December 6, 2012 in Sports

Reluctant champion

Shadle Park’s McKinney had to be persuaded to wrestle
Correspondent
 
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Terrence McKinney, pinning teammate Kelly Sandall at practice, won the state title at 126 pounds last season.
(Full-size photo)

It’s easy to understand Terrence McKinney’s reluctance to turn out for wrestling, considering he was a tiny freshman assimilating into the larger, scarier world of high school.

“I thought it was harder,” McKinney recalled of that first year at Shadle Park, worrying he would be squaring off against older, more experienced teammates.

But wrestling is haven for youngsters whose lack of size, unlike in other sports, is no obstacle to athletic success.

Coach Shawn Howard cornered McKinney on, of all places, the football field and eventually persuaded him to turn out.

Last year, as a junior, McKinney lost one match en route to the 126-pound State 3A championship.

“I went up to him and said, ‘I heard you are a real wrestler,’ ” Howard recalled. “He said, ‘Oh, yeah I’ve wrestled a little bit before, but I don’t think I’m wrestling this year.’ I told him, ‘I sure would love to have you on the team.’ ”

Howard bugged him in the halls until McKinney acquiesced. He discovered that his fears were unfounded.

“I didn’t get pinned or nothing,” he said. He imagined what he could become with hard work: “By the end of the season I was beating people.”

His second season, McKinney said, he put in the necessary work and placed third in state.

Last year he was dominant. Howard estimates he approached 30 pins during the season.

“He has been unlike any kid I’ve come across,” said Howard, a former Highlander wrestler. “The kid has more desire to win in wrestling than anyone I’ve ever seen. He just has this really, really big desire to be a great wrestler.”

McKinney’s focus is simple. He said he wrestles every match like it is his last. He’s up to 138 pounds this year, and apart from winning a second state title, his long term goals are to win a national summer freestyle tournament and compete in college.

McKinney’s progression has coincided with Shadle Park’s. Each year the Highlanders have improved at state. They were seventh as a team in 2011. Last year, a rare one-two finish in the same weight by teammates McKinney and senior Caleb Burger spearheaded Shadle’s fourth place trophy effort.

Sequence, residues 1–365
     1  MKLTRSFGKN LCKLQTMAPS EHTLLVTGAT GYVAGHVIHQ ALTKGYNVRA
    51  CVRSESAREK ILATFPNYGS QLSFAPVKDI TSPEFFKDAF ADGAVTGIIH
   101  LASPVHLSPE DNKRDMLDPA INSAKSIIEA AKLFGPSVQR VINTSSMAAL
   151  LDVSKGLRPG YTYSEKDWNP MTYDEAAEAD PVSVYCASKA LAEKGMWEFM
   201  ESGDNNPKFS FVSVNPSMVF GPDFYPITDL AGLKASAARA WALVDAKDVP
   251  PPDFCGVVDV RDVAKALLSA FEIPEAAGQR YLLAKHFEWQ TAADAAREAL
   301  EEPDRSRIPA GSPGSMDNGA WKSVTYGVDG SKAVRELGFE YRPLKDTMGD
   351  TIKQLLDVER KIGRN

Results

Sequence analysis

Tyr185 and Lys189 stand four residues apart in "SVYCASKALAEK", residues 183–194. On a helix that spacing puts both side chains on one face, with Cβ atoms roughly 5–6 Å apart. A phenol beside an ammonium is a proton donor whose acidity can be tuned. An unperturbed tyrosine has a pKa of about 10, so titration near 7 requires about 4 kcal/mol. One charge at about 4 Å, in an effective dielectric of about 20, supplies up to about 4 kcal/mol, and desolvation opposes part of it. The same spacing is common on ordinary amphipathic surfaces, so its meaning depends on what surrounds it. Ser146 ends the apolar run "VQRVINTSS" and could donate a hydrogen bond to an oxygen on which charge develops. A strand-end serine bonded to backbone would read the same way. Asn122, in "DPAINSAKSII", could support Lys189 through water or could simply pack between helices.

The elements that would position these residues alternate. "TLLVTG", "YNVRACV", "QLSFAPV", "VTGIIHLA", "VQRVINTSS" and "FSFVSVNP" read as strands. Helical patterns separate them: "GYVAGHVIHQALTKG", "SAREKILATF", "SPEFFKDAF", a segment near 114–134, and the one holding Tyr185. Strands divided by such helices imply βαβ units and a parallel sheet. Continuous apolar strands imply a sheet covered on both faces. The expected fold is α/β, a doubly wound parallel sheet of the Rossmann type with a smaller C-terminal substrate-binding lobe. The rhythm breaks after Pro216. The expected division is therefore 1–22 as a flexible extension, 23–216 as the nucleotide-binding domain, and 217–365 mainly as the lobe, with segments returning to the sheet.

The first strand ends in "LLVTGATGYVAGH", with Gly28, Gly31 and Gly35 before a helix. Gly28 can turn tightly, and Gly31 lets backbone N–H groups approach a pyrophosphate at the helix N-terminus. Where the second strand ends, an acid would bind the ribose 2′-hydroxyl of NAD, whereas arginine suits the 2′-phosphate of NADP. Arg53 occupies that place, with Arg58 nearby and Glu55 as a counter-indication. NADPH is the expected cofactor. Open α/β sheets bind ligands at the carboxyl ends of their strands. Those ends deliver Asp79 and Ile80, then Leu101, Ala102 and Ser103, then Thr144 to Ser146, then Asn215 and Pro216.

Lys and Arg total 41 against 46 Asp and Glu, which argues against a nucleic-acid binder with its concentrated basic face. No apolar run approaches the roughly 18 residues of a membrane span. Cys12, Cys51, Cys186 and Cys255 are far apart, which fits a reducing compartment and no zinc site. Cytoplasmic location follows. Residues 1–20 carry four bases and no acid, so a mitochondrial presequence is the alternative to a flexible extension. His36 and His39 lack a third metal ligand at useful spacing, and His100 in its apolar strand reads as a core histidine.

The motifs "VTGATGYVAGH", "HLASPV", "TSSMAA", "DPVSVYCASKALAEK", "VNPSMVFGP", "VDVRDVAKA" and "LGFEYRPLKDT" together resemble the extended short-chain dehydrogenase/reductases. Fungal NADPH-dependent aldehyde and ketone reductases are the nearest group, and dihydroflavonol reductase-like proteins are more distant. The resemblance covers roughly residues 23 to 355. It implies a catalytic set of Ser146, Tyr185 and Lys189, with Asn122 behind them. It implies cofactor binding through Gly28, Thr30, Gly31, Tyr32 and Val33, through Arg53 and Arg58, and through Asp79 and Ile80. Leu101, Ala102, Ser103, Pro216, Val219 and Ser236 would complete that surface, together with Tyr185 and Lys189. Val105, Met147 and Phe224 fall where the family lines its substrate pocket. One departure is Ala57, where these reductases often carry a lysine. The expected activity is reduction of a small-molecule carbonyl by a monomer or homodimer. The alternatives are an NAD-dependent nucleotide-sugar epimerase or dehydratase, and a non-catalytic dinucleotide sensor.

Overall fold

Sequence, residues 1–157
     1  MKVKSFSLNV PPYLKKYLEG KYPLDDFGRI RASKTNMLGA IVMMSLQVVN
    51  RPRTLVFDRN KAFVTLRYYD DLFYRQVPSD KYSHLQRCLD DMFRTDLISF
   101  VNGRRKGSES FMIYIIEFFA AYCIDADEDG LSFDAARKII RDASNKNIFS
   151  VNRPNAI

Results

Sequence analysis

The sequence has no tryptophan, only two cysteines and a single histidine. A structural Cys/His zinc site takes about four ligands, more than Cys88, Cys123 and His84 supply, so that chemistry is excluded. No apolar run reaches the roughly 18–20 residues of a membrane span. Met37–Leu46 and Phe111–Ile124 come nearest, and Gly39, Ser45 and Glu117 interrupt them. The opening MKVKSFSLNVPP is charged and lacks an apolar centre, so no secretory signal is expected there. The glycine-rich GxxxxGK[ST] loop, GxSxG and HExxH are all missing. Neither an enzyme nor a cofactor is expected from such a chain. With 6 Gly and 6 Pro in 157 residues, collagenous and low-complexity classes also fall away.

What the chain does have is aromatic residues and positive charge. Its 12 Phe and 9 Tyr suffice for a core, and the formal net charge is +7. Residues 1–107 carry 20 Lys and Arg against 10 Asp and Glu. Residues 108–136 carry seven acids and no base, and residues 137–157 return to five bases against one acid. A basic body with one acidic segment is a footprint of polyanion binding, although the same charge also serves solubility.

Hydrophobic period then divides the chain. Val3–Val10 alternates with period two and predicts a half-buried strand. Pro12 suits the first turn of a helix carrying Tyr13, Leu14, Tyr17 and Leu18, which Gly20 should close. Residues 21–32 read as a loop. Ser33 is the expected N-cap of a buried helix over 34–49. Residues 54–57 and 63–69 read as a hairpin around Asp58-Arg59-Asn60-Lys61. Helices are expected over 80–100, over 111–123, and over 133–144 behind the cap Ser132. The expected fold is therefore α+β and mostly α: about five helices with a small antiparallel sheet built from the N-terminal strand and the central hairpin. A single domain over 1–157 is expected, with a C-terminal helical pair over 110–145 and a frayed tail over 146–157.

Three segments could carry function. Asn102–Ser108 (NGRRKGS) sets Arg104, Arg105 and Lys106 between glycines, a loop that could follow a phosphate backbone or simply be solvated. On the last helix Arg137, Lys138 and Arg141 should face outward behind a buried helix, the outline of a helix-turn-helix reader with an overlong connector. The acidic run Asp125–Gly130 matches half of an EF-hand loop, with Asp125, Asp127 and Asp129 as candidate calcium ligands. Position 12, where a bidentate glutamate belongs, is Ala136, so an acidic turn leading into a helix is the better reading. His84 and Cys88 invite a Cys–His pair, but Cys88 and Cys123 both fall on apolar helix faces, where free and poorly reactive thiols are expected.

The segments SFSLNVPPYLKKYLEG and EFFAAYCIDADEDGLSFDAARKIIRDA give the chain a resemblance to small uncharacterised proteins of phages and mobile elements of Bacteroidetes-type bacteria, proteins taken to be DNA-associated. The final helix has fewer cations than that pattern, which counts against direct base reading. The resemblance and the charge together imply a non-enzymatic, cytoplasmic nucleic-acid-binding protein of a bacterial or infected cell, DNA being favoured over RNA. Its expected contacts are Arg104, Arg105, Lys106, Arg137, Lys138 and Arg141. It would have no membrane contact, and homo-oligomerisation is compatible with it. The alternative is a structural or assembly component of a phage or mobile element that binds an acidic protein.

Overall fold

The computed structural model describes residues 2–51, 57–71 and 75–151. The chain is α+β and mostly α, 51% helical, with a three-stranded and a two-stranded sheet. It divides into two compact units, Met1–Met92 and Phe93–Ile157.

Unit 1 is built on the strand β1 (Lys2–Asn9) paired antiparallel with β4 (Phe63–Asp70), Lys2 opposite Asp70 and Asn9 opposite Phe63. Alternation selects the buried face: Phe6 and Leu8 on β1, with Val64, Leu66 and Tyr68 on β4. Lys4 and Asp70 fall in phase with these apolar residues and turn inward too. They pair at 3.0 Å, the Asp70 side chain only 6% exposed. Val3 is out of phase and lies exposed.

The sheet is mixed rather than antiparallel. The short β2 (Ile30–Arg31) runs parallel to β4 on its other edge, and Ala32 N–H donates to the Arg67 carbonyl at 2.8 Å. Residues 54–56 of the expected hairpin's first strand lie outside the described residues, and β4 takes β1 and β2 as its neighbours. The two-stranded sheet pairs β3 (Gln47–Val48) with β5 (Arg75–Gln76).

That is a story in itself.

Burger wrestled the Greater Spokane League season up a weight for obvious reasons. In the state-qualifying regional he reversed a loss the previous week to reach state. Once there he was a surprising finalist, losing to his teammate for the title.

“Terrence said the whole season that Caleb would be in the finals,” Howard said. “He was dead serious.”

McKinney said he felt his practice partner was going to catch up because Burger was stronger than most of the wrestlers he faced during the year.

Shadle’s state champion quickly pinned his teammate in the 126-pound title match, but their combined points propelled the Highlanders to their highest finish since the 1960s.

Howard is the latest young coach to orchestrate a wrestling revival. Luke Leifer did so at North Central, where the Indians were third and fifth at state in 2010 and ’11, respectively.

Last year, Martin Mitchell, just 11 seasons removed from the last of his four state titles at Tonasket, took Rogers to a 4-5 finish, its best GSL dual season in years.

Their schools haven’t had the feeder programs of the league powers, Howard said, but this year Shadle has 80 wrestlers out. It was a matter of Howard making a connection with kids outside the wrestling room.

He had always looked up to coaches when he was in high school, the 1996 Highlanders graduate said. He began helping at his school the following year and is in his sixth year at the helm.

“I always thought the greatest honor was that you’d be a coach someday,” he said.

“One of the things I noticed was that all the coaches are passionate about kids. You have to make a connection in the classroom and not think of them as just a wrestler.”

He connected with McKinney when Terrence was a freshman. Within three years he had become a wrestling state champion.

Greater Spokane
  1.    Mead
2.  Central Valley
3.  University
4.  Mt. Spokane
5.  North Central
6.  Shadle Park
7.  Ferris
8.  Rogers
9.  Lewis and Clark
10. Gonzaga Prep
Inland Empire
  1.    Lewiston
2.  Post Falls
3.  Coeur d’Alene
4.  Lake City
Great Northern
  1.    Deer Park
2.  Colville
3.  East Valley
4.  Cheney
5.  West Valley
6.  Clarkston
7.  Pullman
Northeast A
  1.    Riverside
2.  Lakeside
3.  Freeman
4.  Chewelah
5.  Medical Lake
6.  Newport
7.  Kettle Falls

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